Martha Reynolds grew up in Cowesett and spent weekends during her teen years hanging out on Main Street. Downtown EG was her town so when she started writing a novel about a college-age novelist living in a small New England town, she fashioned the town on the one she knew best.
“I needed to set it here because this is where I grew up,” said Reynolds over breakfast at Dante’s recently. “This is where I spent my time. I walked these streets.”
Martha Reynolds will be at Symposium Books, 1000 Division Street, Wednesday, Sept. 10, from 6 to 7:30 p.m., to read from “Best Seller” and sign copies.
“Best Seller” tells the story of Robin Fortune, a 19-year-old who’s just gotten kicked out of college and finds herself working as a waitress at a local diner, dealing with her parents’ displeasure, and writing a novel.
It is not autobiographical, Reynolds said.
While Reynolds always wanted to write, she ended up working as a fraud investigator at the Attorney General’s office.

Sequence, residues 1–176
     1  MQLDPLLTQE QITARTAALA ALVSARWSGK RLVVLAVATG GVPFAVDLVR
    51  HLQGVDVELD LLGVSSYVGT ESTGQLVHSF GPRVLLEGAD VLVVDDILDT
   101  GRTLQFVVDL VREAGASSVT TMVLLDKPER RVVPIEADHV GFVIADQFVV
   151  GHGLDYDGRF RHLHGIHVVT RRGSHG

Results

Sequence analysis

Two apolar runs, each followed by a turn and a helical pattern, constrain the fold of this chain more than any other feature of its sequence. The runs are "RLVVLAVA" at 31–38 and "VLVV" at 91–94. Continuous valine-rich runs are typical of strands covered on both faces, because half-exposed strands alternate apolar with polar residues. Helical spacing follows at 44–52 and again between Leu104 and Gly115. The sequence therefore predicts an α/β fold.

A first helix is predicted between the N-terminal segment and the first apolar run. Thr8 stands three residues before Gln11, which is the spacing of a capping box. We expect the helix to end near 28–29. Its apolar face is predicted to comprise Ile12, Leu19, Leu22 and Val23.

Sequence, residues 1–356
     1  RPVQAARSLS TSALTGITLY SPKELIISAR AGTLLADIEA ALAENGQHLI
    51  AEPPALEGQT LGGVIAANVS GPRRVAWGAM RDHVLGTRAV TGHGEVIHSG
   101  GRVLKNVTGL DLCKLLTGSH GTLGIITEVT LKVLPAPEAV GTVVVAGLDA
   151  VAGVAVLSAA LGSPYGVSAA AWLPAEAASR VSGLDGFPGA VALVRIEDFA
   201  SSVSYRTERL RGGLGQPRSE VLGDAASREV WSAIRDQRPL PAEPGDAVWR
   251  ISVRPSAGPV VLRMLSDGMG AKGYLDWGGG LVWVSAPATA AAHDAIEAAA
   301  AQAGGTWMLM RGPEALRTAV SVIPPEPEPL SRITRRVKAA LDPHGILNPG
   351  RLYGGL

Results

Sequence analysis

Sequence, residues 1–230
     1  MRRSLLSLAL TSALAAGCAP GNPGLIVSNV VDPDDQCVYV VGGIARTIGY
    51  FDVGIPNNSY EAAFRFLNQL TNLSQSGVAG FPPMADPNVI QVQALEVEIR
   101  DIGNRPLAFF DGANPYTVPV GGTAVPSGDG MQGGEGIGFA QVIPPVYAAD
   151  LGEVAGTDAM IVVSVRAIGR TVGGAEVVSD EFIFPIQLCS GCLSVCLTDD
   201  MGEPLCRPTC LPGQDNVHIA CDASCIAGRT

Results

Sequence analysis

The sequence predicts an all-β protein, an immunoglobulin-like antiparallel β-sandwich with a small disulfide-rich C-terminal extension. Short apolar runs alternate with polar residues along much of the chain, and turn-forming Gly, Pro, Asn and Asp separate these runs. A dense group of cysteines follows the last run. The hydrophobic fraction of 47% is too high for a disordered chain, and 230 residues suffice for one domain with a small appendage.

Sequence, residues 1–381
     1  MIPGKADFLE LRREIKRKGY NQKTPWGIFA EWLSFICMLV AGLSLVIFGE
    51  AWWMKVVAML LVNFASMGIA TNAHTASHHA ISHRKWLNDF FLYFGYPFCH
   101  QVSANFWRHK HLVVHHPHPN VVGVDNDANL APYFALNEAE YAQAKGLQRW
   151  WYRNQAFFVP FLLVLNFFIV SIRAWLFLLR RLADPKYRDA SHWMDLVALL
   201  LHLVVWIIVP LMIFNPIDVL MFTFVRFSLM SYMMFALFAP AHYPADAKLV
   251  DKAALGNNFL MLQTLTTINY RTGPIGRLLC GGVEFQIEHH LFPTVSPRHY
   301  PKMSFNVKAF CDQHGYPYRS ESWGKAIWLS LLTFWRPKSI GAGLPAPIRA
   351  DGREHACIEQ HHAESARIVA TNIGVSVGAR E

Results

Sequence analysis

“I wasn’t meant to be a fraud investigator. I hated it. I was good at it, but I hated it,” she said. Finally, miserable after years on the job and plagued by health problems, she decided to quit. It was her husband who urged her to follow her dream.
“Jim said, ‘Look, you’ve always wanted to do this. Just write,’” Reynolds recounted. So she did. Less than four years later, she’s published five novels through Amazon and sales are consistent.
For Reynolds, who lives in West Warwick, writing is now just what she does.
“I dedicate myself in the morning to writing,” she said. “I just say, Twitter off, Facebook off, email off – just write it. Just spit out the first draft really fast. Don’t worry how it looks, just get it out. And I can do that, I can write 50,000 words in 30 days. Then you have to edit it. And you have to add more and I have to do a lot myself before I send it out to an editor. It will take another three or four months to polish it.”
Her first book, Chocolate for Breakfast, ended up being the first of a trilogy – The Chocolate Series, set in the U.S. and Switzerland. Her fourth book, Bits of Broken Glass, centers on a 25-year high school reunion. And now comes Best Seller.
The small town featured in Best Seller isn’t called East Greenwich, but there are several places that will be familiar to anyone who lived in EG in the 1970s, the time period in which the book is set.
“The Bud Gallop Piano and Organ Store is where, I think, Civil is now,” she said. “I mention Silverman’s, where I bought my prom gown, and Country Casuals …. across from Silverman’s. The LIttle Italy pizzeria is obviously Frank and John’s. I saw Main Street very clearly in my mind but I did change it around a little bit.”